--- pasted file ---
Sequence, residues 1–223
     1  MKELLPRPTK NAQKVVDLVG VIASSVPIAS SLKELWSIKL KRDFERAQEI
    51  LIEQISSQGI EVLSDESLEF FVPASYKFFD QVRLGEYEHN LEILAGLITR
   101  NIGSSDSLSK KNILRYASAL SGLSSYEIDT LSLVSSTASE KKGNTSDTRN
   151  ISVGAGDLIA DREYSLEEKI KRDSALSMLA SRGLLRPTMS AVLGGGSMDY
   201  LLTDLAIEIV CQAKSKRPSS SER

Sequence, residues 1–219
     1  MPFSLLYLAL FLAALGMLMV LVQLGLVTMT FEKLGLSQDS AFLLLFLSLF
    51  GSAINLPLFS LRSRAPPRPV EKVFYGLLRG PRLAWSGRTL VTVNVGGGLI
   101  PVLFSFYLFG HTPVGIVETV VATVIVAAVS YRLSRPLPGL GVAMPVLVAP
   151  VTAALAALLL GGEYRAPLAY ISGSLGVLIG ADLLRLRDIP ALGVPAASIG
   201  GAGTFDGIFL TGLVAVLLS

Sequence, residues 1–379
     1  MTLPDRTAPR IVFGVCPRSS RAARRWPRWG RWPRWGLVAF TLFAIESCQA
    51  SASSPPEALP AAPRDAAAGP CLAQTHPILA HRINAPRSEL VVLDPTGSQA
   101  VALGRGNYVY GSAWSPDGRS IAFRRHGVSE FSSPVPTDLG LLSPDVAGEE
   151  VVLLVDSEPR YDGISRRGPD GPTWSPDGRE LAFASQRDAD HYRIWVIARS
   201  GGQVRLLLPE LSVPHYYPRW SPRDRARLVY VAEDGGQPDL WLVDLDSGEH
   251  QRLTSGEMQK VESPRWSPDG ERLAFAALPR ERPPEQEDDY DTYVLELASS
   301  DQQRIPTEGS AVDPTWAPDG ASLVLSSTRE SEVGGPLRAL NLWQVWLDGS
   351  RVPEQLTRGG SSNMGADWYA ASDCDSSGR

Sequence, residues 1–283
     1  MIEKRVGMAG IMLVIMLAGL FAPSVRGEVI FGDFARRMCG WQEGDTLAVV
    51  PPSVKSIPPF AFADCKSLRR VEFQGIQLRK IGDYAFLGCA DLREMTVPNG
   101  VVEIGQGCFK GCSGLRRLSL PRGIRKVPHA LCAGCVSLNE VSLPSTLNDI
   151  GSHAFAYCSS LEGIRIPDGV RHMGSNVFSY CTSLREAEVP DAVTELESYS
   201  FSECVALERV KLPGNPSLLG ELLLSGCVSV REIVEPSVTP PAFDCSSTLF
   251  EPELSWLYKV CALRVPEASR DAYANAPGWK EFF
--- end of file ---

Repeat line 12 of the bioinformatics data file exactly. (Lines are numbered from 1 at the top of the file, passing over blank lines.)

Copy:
   201  GAGTFDGIFL TGLVAVLLS